What Do I Need to Know About Grounds for Divorce in New York?

What Do I Need to Know About Grounds for Divorce in New York?

There are a variety of reasons why a couple may feel their marriage is over and want a divorce. In order to begin the process of divorce, spouses are required to state their reasoning for wanting to end their relationship. This is done by citing “grounds” for divorce. Once grounds are cited, the divorce proceedings can begin in order to officially divorce. When dealing with these matters, it is important to retain the services of an experienced New York divorce attorney for assistance.

Grounds for Divorce

It is a common misconception that divorce is always due to one party’s “fault.” However, this is not always the case. Spouses can cite “no-fault” grounds as well. This is done when neither spouse wishes to hold the other responsible for ending their relationship. This is often the case when spouses believe their relationship has broken down over a period of at least six months and it can no longer be fixed. This is often referred to as an “Irretrievable Breakdown of Marriage.”

On the other hand, spouses who cite fault grounds wish to hold their partner responsible for the end of their marriage. In the state of New York, there are several legally acceptable grounds for divorce:

  • Cruel and inhuman treatment
  • Abandonment
  • Imprisonment
  • Adultery

Contested vs. Uncontested Divorce

During a divorce, spouses are required to settle their marital issues in order to move on. Those who cannot reach agreements regarding these matters may need to go through a contested divorce. This is often the case when fault grounds are cited, as spouses in these situations rarely agree with one another. When this happens, the couple may need to go to court and divorce through litigation. This gives a judge the right to make decisions for the couple.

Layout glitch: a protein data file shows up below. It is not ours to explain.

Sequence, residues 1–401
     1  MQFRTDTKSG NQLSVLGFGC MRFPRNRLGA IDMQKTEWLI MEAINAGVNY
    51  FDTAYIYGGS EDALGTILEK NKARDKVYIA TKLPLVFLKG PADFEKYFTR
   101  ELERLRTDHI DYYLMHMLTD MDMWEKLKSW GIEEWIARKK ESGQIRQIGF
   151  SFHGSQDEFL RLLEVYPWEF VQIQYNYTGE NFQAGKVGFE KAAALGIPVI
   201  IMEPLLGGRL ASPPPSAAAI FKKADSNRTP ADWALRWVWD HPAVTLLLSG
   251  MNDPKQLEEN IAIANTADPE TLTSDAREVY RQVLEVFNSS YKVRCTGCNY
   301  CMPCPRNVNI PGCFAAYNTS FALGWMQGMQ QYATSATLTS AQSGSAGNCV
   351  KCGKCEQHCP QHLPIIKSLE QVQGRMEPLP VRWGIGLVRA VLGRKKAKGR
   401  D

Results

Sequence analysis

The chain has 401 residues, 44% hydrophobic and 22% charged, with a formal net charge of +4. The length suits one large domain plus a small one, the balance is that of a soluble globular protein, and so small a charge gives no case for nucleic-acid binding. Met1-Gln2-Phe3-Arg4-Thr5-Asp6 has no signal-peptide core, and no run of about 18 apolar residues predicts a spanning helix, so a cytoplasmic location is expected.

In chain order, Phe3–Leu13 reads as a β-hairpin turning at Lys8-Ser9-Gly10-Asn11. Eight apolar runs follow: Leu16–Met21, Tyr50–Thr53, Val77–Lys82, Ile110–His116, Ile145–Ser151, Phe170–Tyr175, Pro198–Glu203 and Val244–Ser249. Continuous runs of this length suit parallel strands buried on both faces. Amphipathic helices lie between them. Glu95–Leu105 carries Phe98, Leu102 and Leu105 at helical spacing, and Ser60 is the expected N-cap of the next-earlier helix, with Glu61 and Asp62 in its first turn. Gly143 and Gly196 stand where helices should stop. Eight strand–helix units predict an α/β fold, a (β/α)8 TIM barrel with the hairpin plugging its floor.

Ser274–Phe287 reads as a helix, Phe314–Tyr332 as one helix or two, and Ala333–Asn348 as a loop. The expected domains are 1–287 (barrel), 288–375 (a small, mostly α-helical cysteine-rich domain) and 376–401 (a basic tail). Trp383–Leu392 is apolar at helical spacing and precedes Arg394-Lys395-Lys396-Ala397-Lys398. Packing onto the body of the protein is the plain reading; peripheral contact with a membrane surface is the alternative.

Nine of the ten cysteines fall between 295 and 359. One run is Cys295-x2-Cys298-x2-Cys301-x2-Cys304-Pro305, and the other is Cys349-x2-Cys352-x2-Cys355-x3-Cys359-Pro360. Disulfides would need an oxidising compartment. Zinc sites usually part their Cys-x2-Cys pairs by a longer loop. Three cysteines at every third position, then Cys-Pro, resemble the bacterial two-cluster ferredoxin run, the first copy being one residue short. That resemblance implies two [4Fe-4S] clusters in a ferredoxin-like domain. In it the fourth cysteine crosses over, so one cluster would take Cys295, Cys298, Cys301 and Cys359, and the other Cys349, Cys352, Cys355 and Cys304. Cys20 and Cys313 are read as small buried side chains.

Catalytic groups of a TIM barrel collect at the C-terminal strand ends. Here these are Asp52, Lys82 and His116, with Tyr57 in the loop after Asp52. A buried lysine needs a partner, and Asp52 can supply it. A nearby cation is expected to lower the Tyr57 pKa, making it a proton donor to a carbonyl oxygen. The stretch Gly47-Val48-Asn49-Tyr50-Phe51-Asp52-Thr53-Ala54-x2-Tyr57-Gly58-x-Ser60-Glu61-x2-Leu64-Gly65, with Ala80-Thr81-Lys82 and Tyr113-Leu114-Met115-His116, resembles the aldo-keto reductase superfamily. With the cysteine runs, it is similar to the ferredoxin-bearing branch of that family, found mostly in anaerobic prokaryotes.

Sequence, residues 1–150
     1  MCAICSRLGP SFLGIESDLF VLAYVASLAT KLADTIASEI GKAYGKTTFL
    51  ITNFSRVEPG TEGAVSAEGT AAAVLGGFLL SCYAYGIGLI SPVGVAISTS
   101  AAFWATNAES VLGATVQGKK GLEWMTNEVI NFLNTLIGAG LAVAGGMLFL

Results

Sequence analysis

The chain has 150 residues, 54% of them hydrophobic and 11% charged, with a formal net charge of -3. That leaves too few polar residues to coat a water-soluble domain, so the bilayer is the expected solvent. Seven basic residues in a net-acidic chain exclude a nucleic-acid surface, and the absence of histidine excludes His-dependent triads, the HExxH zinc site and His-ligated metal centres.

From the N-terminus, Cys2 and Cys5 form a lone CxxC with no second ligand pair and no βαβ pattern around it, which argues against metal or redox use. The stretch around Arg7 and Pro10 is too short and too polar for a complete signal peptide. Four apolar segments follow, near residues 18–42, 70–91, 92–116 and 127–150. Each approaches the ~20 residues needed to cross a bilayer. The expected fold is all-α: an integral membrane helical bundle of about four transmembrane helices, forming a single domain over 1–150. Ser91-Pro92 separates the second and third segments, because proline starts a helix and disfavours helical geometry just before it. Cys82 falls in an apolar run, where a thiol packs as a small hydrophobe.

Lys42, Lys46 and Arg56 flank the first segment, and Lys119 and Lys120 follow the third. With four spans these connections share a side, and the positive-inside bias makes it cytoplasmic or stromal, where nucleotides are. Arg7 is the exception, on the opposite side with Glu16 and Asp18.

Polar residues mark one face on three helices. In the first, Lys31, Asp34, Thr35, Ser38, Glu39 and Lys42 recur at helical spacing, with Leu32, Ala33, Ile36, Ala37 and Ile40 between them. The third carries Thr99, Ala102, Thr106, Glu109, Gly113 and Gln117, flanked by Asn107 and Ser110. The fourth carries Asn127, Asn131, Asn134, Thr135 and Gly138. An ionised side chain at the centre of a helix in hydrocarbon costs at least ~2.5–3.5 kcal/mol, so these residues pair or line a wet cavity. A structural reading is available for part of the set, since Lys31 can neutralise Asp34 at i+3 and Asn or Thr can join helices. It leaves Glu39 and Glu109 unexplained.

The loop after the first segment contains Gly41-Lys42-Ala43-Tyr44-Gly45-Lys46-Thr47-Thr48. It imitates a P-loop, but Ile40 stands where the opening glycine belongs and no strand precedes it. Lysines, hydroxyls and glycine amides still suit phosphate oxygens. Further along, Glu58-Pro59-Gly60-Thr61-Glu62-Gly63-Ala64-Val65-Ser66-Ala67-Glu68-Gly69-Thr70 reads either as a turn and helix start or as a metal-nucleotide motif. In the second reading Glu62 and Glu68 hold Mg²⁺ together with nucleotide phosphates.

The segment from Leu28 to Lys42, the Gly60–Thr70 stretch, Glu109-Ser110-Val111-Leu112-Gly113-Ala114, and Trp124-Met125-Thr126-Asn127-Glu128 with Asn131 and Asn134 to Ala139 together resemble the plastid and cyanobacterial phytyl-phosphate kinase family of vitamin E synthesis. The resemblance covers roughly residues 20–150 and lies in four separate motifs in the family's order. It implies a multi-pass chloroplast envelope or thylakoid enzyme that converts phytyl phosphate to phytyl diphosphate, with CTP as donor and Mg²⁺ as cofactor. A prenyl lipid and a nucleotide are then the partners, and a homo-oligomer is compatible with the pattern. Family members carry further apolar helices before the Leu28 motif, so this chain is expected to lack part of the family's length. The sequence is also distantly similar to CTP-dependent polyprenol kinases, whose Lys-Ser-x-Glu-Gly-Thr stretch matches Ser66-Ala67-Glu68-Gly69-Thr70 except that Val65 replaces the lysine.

Spouses who are able to agree to the terms of their divorce can go through an uncontested divorce. This is often seen in “no-fault” situations. Spouses in these cases may not need to go through litigation but instead participate in alternative divorce methods. These are options that let spouses discuss their marital issues in a productive way to reach conclusions. This can be done through mediation, arbitration, or a collaborative divorce. 

Contact our Firm

The Law Office of Peter L. Jameson, PLLC understands the harsh implications of relocation can have on a child and his or her parents. When you have a contested relocation matter, it is important to have an experienced attorney to represent you in court. If you are faced with a relocation matter in Rockland County, contact The Law Office of Peter L. Jameson, PLLC today to schedule a consultation.